FAUX FINE: Market Street home a designer delightPublished 8:32pm Thursday, June 26, 2014
Karen Sairanen is an artist. The moment one steps into her home on North Market Street, one can see her work decorating the walls. These are no portraits of angelic babies, nor idyllic countryside scenes. Sairanen’s work is, rather, the walls themselves.
An interior designer, Sairanen’s focus is on finishes: using paints, glazes and plaster finishes to transport a room from a turn of the 20th century eastern Carolina home to a villa in Tuscany or an English cottage. Her spacious Market Street home serves as both her residence and a showroom for those in the market for sprucing up their own interiors.
“A lot of times people don’t know what they want until they see it,” Sairanen said. “I’ve sold my kitchen about five or six times. … There’s a lot of paint holding this house up because I’ve painted all the walls about three or four times,” Sairanen laughed. “There’s not an inch of this house that hasn’t been painted.”
One would think that the different styles would lend a discordant note to the home’s decor, but the exact opposite is true. Colors and rooms flow into one another — each room, a new experience, winding through the spacious rooms of a plantation home to the simplicity of a farmhouse to the coziness of an English cottage. Sairanen’s work both stands out and blends in at the same time; her particular brand of art is the type that lures one in to take a closer look.
Sairanen is only the fourth or fifth owner of the house at 401 N. Market Street. Built by the Hodges family sometime between 1895 and 1900, it boasts five rooms downstairs and five rooms upstairs, both off of wide central hallways. The home had already been rehabbed before Sairanen bought it in 1996, so her own additions —besides the lustrous paint — have been minimal. The few changes she has made are both elegant and practical: upstairs, she tied the master bedroom, a room thought to have once served as a nursery and bathroom together into a master suite, complete with separate shower and tub, a sauna and a walk-in closet. Downstairs, what was once a small backyard has been transformed into an English garden: a brick terrace with outdoor seating centers beds of brightly blooming flowers.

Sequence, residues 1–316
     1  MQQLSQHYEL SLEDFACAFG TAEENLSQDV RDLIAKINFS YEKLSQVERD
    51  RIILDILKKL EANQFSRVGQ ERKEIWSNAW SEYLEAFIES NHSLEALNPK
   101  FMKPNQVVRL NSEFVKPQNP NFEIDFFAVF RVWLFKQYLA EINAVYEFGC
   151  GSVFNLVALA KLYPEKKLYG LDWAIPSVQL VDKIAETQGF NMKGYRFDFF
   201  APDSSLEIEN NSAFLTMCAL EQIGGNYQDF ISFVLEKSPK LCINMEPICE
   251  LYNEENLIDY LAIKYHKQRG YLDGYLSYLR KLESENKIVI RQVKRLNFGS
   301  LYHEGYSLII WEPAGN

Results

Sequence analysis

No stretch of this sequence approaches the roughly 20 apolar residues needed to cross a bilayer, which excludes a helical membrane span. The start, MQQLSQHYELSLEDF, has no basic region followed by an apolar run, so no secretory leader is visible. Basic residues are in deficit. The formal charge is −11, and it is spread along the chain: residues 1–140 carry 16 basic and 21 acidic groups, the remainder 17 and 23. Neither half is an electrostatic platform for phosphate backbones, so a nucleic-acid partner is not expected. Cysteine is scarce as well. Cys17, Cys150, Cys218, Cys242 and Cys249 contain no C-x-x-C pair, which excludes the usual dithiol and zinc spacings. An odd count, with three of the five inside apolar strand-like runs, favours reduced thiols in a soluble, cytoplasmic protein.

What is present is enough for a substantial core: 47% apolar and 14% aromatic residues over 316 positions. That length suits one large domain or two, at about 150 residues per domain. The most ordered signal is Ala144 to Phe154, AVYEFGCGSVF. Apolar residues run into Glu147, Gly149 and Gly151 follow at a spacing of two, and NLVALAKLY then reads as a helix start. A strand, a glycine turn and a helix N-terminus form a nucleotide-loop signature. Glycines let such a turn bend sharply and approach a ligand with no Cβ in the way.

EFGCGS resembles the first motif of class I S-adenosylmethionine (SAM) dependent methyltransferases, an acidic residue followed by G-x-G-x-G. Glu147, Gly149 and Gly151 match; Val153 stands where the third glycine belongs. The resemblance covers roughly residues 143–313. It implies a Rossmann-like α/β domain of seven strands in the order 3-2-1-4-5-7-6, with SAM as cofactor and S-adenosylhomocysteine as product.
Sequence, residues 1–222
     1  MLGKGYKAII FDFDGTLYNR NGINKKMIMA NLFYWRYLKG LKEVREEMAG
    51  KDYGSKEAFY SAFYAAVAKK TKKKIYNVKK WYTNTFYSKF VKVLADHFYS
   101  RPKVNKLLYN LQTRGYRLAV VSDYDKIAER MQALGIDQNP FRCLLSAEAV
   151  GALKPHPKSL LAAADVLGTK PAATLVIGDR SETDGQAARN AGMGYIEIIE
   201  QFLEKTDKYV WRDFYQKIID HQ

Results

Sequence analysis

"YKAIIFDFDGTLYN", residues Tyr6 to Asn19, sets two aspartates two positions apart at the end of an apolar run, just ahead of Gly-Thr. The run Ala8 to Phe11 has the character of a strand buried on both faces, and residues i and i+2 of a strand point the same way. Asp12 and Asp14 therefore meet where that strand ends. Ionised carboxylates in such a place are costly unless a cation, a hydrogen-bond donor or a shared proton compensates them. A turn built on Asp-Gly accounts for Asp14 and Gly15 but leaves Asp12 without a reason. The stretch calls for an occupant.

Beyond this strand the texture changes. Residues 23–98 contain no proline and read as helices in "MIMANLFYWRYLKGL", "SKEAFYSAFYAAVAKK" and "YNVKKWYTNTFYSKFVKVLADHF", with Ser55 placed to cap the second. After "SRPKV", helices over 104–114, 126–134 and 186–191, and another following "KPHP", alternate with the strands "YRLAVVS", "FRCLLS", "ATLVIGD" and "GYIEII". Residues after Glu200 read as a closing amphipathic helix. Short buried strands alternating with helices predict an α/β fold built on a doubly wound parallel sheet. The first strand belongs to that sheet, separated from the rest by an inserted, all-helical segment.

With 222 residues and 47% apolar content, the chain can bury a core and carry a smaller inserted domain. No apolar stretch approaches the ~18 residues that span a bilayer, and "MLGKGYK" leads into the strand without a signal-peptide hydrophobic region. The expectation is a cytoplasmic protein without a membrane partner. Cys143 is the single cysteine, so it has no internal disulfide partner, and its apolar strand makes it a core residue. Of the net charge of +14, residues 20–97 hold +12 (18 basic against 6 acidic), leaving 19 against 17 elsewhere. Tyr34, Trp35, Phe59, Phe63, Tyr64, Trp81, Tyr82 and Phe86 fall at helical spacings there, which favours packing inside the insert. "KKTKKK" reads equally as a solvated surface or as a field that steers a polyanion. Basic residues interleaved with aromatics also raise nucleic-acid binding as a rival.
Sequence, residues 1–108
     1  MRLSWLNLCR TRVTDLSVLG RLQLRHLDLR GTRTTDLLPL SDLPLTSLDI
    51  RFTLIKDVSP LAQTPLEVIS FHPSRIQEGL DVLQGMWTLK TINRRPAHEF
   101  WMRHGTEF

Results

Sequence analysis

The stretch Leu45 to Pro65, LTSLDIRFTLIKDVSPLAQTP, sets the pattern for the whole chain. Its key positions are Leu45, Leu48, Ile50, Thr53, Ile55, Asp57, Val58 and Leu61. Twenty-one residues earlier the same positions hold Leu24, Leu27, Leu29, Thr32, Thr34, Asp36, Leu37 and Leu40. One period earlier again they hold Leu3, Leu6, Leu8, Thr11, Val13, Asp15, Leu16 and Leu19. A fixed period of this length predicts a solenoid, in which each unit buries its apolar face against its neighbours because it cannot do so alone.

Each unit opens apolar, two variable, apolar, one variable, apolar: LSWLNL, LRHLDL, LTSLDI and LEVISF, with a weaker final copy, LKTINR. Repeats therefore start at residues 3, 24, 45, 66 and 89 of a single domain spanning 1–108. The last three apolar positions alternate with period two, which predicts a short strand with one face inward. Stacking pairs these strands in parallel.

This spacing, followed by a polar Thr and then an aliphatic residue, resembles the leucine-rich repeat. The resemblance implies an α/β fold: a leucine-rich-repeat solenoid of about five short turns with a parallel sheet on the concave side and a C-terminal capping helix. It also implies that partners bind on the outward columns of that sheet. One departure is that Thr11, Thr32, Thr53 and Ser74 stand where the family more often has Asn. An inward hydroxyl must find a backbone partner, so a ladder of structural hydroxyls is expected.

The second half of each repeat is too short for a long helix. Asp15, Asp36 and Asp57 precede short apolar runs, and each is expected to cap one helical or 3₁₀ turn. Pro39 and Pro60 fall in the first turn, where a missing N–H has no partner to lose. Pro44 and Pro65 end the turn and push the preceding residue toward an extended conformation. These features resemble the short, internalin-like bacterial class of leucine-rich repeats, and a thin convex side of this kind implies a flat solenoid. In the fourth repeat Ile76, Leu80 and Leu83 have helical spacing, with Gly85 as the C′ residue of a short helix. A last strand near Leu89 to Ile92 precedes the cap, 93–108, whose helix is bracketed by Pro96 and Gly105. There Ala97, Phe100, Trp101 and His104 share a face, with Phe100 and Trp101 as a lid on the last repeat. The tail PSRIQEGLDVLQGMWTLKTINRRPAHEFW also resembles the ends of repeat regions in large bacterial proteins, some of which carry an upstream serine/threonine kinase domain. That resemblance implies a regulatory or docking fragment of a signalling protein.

Sairanen’s travels have influences her home — she lived abroad for many years before coming to Beaufort County to run a bed and breakfast in Belhaven. In effect, she still runs a bed and breakfast: her home is listed on the website airbnb.com, a website that brings together people with rooms to rent and those in need of accommodation. Locally, that means for weddings and graduations.
“It helps pay the utilities,” Sairanen laughed. “It’s a great way to make use of an old house and not actually be tied down to a bed and breakfast.”
Sairanen was drawn to the Market Street home by its high ceilings and big, light rooms, with little nooks and crannies that are hard to come by — space for her English pot rack and the sauna upstairs, an office on the upstairs landing and a small balcony from which she can watch fireworks displays downtown.
“There’s just a lot of unexpected space that you don’t find in modern homes,” she said. “I think it’s lovely to have the elbow room.”
As lovely as it is, Sairanen has decided to make the transition to a little less space: it’s a lot of house for one person, even with an airbnb.com guest. The combination of Greek key bordered oak and walnut floors downstairs, as well as a front hall that is a masterpiece of inlaid parquet, with Sairanen’s stamp — and stencils and opal gold and pearl glazes — this home is bound to draw someone with a eye for design and city living.